He recalled a shot from the sequence on the ice planet in The Empire Strikes Back that initially he just couldn’t figure out how to accomplish. ” ‘Just think about it,’ George said, and within 15 minutes I figured it out. I learned that there are so many ways to do this. The trick is a combination of things to put them together.”
One of the big challenges to Return of the Jedi was the chase scenes. “I heard from George and he wanted to do this speed bike thing,” Muren related. “Joe Johnston and I got together and shot an animatic. This gave us a guideline for how to do the shots.”
In the end they filmed live footage, including with a Steadicam, and combined techniques. “I believe if you can shoot something real, you shoot it real. It was a hard shoot but it really helped the reality of the sequence.”
ILM VFX supervisor Scott Farrar (Oscar winner for Cocoon) recalled how VFX were becoming more and more sophisticated as they approached films such as Back to the Future 2 and 3. “That’s an example of working with a director — Bob Zemeckis — who loved to be innovative; he always came up with ideas to make it more complicated,” he said, adding that the hover board was particularly difficult.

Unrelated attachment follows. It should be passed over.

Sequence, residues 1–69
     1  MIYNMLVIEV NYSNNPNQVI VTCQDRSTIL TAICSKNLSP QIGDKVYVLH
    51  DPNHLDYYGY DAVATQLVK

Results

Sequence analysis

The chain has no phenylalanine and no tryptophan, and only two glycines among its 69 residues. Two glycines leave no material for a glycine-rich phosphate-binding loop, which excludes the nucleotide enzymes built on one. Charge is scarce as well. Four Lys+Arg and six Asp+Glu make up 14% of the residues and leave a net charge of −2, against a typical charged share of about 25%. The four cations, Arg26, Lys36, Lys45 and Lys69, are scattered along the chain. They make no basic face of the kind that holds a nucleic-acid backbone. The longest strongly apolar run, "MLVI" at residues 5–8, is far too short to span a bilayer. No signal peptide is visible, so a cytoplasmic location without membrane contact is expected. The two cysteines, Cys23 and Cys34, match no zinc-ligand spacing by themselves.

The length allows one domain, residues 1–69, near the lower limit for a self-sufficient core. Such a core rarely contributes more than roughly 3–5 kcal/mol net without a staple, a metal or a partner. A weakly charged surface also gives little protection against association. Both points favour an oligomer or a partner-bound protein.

“We used every kind of old and new trick,” he said, showing clips of Michael J. Fox hanging from wires on location. “There were days that we barely got a single shot.”
The team next recalled how Lucas pushed ILM toward computers, based on the belief that this would be the future of visual effects. Among its most memorable early uses was the CG waterpod on James Cameron’s The Abyss in 1989. The entire film had just 17 shots that involved CG.
Cameron returned to ILM for 1991’s T2, a film remembered for such techniques as the morph, but Muren clarified that Willow was actually the first feature to use a morph. “I don’t think people realized what they were seeing in T2. That changed things,” he said, acknowledging that when the masses really began to understand the potential of digital after ILM’s next film, 1993’s Jurassic Park, “it was an incredible time.”